HOLLISTER, Calif. -- A two-track trace composed of sandy loam and gravel with embedded boulders stacking up as stony steps shoots up a steep slope in the Gabilan Mountains of California at Hollister Hills State Vehicular Recreation Area, which serves as our playground to test the awesome tire-claw traction capability of a completely new rendition of Jeep's flagship sport utility vehicle -- Grand Cherokee.
This deluxe mid-size wagon represents the original SUV, tracing back in Jeep history to 1963 and the Wagoneer, with innovations like the Quadra-Trac automatic full-time four-wheel-drive (4WD) system and a limited slip differential, introduced in 1973, and the watershed design of 1984 for the first unibody four-door SUV.
The nameplate of Grand Cherokee emerged in 1992 attached to a new wagon which demonstrated that a SUV could conquer rugged challenges of the off-road world and still transport riders in comfort due to cushy cabin appointments.
A larger version appeared in 1999 with a luxury-lined cabin plus mechanical systems aboard which raised the bar for SUV performance, while the 2005 Grand Cherokee with stronger structural systems and multiple engine options established even higher benchmarks.
Now comes the Grand Cherokee of 2011, and everything about the redesign is new and better and bigger -- expect price points, which actually undercut base MSRP figures for 2010 models despite lots of new features.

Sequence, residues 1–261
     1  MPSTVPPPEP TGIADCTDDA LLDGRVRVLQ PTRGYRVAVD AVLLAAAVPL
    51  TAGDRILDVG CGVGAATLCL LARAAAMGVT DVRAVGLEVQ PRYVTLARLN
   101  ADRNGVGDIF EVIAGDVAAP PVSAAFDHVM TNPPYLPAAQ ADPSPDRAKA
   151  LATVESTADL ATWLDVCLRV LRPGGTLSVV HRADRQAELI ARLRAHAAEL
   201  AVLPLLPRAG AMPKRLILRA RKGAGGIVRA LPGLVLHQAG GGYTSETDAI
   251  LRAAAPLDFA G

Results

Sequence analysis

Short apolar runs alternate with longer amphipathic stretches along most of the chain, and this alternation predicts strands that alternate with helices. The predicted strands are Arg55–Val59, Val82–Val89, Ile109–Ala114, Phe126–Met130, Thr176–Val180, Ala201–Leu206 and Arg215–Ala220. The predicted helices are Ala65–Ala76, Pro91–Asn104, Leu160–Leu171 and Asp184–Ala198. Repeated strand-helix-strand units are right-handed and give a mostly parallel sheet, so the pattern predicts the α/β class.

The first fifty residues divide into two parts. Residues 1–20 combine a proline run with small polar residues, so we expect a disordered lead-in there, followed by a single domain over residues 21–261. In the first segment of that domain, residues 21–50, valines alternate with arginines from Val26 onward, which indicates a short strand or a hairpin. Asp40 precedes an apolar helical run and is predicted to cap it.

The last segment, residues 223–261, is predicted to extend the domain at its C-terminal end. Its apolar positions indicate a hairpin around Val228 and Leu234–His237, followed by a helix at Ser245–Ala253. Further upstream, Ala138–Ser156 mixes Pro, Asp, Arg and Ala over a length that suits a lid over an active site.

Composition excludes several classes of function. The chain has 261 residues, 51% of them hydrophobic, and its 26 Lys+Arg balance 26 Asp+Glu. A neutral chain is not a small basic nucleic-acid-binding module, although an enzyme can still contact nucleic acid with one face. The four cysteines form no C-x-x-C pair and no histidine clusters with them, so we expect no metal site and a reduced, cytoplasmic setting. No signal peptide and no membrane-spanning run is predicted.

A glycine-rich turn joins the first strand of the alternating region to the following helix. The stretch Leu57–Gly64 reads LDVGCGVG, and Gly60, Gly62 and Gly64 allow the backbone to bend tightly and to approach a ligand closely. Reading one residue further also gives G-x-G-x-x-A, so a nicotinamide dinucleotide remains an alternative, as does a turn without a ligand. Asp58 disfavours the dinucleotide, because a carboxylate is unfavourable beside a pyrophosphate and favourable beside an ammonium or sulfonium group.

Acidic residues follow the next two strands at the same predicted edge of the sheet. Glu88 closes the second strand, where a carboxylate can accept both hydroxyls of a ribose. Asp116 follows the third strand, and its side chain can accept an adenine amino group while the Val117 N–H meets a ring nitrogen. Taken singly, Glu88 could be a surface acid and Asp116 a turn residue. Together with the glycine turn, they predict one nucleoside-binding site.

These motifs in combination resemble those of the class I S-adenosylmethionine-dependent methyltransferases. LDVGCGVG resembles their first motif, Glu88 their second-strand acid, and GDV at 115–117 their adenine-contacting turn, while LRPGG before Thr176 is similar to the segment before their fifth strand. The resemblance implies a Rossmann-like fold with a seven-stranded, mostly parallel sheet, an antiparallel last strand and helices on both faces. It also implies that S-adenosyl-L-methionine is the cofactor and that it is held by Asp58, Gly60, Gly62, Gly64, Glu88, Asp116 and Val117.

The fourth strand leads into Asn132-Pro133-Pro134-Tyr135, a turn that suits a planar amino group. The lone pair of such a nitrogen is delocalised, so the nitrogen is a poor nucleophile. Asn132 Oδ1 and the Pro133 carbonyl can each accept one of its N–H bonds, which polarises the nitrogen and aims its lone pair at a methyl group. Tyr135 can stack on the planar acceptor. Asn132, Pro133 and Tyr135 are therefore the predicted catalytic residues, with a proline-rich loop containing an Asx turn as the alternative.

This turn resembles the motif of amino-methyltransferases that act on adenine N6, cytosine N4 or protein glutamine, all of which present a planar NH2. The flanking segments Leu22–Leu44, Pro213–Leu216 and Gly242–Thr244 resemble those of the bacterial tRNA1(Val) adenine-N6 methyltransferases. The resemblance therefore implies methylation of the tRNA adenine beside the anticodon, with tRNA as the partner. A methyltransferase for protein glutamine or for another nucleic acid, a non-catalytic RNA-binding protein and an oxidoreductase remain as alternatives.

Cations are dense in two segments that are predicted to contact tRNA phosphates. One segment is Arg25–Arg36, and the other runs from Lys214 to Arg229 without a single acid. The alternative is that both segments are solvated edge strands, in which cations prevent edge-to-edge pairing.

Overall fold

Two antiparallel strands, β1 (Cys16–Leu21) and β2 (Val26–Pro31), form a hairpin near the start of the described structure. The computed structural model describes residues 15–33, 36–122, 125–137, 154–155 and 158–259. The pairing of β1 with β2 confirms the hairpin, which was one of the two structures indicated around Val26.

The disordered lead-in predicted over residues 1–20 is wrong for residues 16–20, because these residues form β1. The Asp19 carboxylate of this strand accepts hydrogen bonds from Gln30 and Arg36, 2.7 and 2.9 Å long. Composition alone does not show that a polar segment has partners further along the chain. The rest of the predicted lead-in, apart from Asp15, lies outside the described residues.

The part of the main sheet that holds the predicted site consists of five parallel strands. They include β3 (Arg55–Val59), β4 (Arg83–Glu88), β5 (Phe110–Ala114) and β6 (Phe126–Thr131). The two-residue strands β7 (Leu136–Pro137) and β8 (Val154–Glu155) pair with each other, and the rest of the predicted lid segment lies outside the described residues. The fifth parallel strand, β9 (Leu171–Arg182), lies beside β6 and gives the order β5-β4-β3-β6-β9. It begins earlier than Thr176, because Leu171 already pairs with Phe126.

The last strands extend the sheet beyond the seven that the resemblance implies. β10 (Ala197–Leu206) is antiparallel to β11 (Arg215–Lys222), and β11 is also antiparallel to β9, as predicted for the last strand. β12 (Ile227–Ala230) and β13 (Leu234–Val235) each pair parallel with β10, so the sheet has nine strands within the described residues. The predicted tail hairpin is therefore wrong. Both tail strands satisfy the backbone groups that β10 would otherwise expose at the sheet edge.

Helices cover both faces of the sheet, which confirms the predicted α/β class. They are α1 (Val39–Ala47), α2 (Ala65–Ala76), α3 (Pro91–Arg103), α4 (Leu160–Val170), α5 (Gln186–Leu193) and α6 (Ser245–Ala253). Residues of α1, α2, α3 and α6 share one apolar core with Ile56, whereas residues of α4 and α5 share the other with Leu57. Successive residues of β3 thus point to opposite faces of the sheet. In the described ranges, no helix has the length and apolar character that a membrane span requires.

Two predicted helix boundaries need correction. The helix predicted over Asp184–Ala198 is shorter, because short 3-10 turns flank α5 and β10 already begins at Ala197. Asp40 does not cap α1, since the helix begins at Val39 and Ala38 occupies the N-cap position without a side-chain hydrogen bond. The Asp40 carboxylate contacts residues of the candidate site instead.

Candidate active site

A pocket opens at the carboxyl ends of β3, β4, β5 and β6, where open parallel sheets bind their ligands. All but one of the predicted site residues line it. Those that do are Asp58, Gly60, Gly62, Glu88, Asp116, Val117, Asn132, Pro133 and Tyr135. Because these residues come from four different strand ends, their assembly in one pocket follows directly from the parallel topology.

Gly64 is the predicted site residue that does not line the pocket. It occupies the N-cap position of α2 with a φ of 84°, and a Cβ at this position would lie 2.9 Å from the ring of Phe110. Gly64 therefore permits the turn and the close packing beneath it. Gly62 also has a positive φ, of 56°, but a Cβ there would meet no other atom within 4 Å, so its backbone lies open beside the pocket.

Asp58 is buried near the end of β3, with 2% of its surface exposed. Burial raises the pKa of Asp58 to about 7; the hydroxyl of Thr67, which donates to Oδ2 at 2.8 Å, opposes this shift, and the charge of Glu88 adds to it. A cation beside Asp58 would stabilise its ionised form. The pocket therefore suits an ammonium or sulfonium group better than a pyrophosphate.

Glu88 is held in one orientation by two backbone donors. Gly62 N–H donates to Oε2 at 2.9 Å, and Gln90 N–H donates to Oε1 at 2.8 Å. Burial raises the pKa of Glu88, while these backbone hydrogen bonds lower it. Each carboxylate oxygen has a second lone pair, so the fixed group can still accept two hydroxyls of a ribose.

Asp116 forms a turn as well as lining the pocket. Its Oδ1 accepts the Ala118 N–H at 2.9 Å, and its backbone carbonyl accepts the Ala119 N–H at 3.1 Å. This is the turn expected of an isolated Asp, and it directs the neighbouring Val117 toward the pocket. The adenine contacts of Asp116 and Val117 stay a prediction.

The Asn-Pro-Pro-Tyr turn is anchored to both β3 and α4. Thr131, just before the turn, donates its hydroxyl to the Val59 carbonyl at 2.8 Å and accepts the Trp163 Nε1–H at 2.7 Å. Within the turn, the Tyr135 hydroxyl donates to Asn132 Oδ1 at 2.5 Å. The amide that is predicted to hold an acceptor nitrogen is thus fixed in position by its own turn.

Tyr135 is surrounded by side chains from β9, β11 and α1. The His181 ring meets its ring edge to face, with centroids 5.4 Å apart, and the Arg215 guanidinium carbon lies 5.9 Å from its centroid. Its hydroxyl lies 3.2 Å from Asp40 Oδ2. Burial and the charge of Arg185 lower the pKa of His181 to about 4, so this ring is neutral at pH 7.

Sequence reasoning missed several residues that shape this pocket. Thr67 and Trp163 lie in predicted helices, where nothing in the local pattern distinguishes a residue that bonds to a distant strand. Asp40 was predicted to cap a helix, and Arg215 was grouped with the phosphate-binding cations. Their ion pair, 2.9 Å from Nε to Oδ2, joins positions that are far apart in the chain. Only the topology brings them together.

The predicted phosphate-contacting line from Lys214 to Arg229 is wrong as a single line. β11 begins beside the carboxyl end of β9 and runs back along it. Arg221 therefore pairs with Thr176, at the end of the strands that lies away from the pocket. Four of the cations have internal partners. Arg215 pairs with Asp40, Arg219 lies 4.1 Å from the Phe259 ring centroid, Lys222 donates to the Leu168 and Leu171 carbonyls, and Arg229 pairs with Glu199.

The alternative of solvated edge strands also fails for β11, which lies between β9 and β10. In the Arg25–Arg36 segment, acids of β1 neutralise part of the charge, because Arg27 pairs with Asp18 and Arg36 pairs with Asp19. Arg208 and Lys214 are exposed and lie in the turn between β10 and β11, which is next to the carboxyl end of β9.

The wagon scores an all-new body structure which improves in torsional stiffness by 146 percent over the previous issue.
And it's larger, the body measuring a couple of inches longer and three inches wider with the wheelbase stretching more than five inches longer.
These extra inches of length and breadth translate to more space added in the passenger compartment for legs and shoulders and more room in the rear cargo bay for gear.
A new fully independent suspension system -- with isolating suspension cradles fore and aft, short/long arms up front and rear multi-link plus variable-rate springs in back -- produces a premium ride quality for passengers on pavement or dirt.
The suspension system also enables front wheels to stretch high vertically for climbing over trail obstacles like boulders or thick tree trunks.
And for rolling over such barriers, the chassis clearance runs from 8.6 inches to 10.6 inches, depending on tire selection and suspension setting.
Precise rack and pinion steering brings quick-response turns and produces a tight 37-foot turning diameter for maneuvering on road and off.
Jeep outfits the new Grand Cherokee with a commendable array of standard safety systems.
Gear extends to side-impact air bags in the two front seats with active head restraints and curtain-style side air bags for two rows of seats, plus electronic vehicle controls such as ABS (anti-lock brake system), BTCS (brake traction control system), ESC (electronic stability control), ERM (electronic roll mitigation), TSC (trailer sway control), HSA (hill start assist), HDC (hill descent control), even TPMS (tire pressure monitoring system).